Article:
January 10-16, 2016
Biblical Text: Judges 4 and Judges 5
Guidelines for Individual Playdates
Value of This Activity
In order to copy something, we must pay attention to what we’re copying. If we copy it over into another context, we must identify situations or characters or problems that might be connected in someway to the original. This activity helps us pay attention to the dynamics and movement of a story and can help us interpret our own histories and our world in new ways.
Bible. Pen and Paper.
To Begin . . .
Spend a moment in quiet prayer. If you wish, begin by freewriting for 3-5 minutes. Just let the pen empty out your concerns and thanksgiving for the day. Breathe.
How to Play . . .
You may want to do a multiple-day Playdate on these texts. For Judges 4, use the instructions for a narrative text. For Judges 5, use the instructions for a poetic text.
If the text is a narrative, follow these instructions:
- Read Judges 4.
- The following steps will help you get a handle on the story:
- Write down a list of all the characters.
- For each character, write one sentence describing that character’s action in the story. What does she do? What is “done” to him?
- In three sentences, summarize the primary arc of the story.
- Sentence 1: What’s going on at the very beginning of the story?
- Sentence 2: What happens in the middle of the story?
- Sentence 3: Where does the story end?
Note: The primary arc can be identified as “From what? — Through what? — To what?” The narrative of the text may include more than one story-line. If so, identify an arc for each storyline (even if the stories are woven together). Which story do you think is the main story?
Note #2: You can’t get this wrong! Or, if you do, it doesn’t matter. It’s your playdate. Play it your own way. Follow where your own mind (and heart) lead!
Note #3: If you’re doing the Playdates throughout the week, you may want to stop here for the first day and pick up with the next step tomorrow.
- Now let your mind wander around the story. Does it bring to mind stories in your own life, or a movie you’ve seen? Do you know a hero or heroine like the one in this story? Just sit with the story for several minutes and let the narrative sink in. Freewrite about the story. Don’t look for “meaning.” Just get a feel for the story and brainstorm about where else you might have heard or experienced a story like this. Or, is there a situation in your life or in the world around you that you wish you could re-write so it would be like this biblical narrative? Just brainstorm. Note: If you’re doing a multiple-day Playdate, this would be a good place to stop for day 2.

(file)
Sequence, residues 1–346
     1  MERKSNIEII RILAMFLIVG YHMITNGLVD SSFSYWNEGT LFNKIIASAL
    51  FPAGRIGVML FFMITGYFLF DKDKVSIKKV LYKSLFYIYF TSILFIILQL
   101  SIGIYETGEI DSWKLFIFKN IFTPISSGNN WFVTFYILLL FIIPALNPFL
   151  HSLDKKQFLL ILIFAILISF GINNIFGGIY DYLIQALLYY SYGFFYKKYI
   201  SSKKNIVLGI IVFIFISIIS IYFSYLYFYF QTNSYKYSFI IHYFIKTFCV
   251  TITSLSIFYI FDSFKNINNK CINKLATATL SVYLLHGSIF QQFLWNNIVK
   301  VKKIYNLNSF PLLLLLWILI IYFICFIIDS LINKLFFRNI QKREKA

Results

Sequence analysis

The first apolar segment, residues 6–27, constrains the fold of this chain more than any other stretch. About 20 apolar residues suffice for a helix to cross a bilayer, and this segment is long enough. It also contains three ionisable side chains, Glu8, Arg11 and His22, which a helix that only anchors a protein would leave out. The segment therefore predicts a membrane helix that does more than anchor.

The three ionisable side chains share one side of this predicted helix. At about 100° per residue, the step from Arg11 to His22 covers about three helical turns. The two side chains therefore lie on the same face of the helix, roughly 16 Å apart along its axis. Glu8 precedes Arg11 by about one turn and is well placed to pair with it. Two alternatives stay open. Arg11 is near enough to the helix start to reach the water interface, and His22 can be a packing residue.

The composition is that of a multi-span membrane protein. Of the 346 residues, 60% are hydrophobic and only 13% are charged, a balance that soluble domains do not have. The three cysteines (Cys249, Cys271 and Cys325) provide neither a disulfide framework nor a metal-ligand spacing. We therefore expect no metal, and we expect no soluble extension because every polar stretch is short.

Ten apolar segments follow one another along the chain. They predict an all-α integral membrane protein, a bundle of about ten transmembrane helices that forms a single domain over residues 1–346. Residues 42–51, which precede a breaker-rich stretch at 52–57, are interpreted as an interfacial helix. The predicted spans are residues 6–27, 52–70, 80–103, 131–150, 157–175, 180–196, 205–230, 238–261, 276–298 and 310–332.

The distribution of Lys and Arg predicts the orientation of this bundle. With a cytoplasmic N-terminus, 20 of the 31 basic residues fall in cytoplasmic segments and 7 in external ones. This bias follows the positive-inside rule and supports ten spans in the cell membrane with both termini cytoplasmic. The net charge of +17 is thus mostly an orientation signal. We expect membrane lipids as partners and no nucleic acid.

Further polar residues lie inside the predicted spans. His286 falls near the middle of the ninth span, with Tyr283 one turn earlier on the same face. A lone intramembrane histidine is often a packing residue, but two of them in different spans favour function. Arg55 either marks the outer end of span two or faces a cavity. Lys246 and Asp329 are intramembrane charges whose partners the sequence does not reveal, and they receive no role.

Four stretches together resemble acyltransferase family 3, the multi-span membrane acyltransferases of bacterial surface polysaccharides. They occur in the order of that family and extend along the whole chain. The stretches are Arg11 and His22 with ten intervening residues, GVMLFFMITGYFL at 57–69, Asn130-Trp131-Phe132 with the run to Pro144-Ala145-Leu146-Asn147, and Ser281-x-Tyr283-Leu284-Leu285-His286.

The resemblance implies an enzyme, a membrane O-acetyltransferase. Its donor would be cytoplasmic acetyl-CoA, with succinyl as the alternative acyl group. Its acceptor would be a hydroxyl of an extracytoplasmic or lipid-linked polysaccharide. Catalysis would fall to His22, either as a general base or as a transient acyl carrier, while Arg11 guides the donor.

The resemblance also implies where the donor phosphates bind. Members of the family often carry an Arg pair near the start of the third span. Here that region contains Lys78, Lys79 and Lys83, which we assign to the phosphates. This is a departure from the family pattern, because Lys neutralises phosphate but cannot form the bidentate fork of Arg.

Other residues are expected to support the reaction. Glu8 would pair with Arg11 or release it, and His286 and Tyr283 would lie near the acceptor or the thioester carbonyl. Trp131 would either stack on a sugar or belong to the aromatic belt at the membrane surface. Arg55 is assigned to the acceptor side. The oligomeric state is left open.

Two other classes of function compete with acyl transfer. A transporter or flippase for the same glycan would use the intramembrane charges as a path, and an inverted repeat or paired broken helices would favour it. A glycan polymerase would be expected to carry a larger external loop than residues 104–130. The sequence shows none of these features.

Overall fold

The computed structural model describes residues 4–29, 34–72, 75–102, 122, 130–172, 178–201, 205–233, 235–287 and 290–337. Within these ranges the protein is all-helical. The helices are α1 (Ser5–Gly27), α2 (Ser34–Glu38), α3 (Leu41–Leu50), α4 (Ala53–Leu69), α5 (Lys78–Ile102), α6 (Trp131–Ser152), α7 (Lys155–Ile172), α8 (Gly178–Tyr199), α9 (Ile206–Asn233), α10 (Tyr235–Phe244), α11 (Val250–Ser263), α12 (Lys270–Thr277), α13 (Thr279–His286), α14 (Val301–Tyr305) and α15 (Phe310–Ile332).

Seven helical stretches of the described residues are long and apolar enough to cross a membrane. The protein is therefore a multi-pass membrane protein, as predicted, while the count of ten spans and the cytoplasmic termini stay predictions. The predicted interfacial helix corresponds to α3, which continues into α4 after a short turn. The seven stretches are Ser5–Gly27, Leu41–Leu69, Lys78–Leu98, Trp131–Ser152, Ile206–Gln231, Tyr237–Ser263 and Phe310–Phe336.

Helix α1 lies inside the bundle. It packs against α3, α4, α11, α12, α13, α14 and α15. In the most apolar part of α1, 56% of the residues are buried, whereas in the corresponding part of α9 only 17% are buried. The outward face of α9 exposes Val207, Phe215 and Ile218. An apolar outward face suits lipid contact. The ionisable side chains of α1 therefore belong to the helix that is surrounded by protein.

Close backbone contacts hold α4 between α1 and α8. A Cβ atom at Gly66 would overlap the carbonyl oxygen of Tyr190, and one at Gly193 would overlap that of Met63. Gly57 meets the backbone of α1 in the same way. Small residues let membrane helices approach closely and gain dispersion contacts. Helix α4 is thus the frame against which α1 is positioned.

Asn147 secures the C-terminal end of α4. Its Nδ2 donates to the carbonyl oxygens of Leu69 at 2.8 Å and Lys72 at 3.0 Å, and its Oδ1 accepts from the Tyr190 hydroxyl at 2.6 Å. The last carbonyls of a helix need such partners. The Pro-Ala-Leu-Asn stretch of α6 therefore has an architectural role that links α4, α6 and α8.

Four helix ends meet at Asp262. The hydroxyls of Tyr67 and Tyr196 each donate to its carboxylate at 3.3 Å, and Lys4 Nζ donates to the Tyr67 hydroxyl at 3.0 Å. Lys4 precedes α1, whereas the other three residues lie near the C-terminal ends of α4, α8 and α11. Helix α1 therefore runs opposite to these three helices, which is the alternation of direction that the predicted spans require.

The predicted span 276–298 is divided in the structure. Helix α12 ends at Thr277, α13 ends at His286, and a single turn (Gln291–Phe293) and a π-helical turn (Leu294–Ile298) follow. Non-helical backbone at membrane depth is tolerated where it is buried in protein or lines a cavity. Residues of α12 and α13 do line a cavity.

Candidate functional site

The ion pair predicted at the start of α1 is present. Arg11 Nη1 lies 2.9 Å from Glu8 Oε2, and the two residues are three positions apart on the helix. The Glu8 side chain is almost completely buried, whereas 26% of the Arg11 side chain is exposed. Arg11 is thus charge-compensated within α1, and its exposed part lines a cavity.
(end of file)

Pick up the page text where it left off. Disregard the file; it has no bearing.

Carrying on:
- Finally: Re-write the narrative! Using the notes and brainstorming and freewriting you did in Step 3, above, create your own story, with your own heroine or hero. Follow the shape of the biblical narrative as closely as you can. Write your own version of the story!
If the biblical text is a poetic text, follow these instructions:
- Read the Judges 5.
- Write a one-sentence statement of the focus of the text. Is it a narrative in poetry? Is it an individual complaint? Is it a prayer? Is it a mixture? What seems to be the core of the text in your reading?
- Where does the text get your attention? Are there some words or phrases that particularly stand out to you? Maybe a particular verse catches your heart? Sit with the poetry for a while. Read it more than once. Focus in, if you wish, on a section of the text and let your mind wander around it without thinking too hard, without trying to “learn” anything. Just let the words float around you. If you’re doing a multiple-day Playdate with this text, you might want to stop here for the day.
- After you have listened into the poetry of the text for a while, with both head and heart, now it’s time to write your own. If the poetry is a narrative, write your own narrative poem. If it’s a prayer—is it a prayer for deliverance or a prayer of praise? Write your own. See if you can keep the pattern of the biblical poem in some way—either in rhythm or sentence structure or organization. But, most important, let your own being dictate the poetry you write.
In Closing . . .
Take a moment to breathe and let the playtime settle around you. Carry your curiosity and insights and questions into the day.
Playdate Reference Material:
Playing with Narratives
Poetry As a Mode of Thought
Guidelines for Individual Playdates
Playdates with Scripture Email ARCHIVES
Playdates with Scripture by Virginia Wiles is licensed under a Creative Commons Attribution-NonCommercial-NoDerivatives 4.0 International License. Permissions beyond the scope of this license may be available at virginiawiles.com.
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